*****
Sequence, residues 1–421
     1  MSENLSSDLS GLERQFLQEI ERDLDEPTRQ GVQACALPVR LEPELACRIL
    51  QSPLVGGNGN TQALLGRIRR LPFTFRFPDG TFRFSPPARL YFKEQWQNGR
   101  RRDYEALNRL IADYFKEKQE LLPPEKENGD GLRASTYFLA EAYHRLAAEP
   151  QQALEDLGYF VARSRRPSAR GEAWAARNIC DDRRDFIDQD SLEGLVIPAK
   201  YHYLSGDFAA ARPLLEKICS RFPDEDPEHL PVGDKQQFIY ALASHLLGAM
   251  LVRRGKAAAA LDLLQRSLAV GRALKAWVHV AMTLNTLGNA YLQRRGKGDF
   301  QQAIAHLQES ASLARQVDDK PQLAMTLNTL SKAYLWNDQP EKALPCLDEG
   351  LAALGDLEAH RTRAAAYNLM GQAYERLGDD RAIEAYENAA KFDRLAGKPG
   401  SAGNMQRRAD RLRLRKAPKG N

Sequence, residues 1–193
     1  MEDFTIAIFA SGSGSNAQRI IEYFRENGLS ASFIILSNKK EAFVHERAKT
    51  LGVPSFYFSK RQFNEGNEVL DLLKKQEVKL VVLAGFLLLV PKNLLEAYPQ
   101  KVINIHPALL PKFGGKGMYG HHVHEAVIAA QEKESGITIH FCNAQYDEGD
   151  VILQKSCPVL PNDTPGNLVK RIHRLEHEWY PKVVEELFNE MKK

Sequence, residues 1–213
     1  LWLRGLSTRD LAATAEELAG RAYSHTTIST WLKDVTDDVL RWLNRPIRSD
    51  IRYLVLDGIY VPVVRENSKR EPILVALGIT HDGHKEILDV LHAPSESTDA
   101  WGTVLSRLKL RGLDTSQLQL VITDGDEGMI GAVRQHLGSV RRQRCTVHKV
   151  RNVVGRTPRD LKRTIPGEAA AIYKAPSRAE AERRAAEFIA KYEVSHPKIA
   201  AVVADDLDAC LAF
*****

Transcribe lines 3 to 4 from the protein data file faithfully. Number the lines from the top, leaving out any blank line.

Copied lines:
    51  QSPLVGGNGN TQALLGRIRR LPFTFRFPDG TFRFSPPARL YFKEQWQNGR
   101  RRDYEALNRL IADYFKEKQE LLPPEKENGD GLRASTYFLA EAYHRLAAEP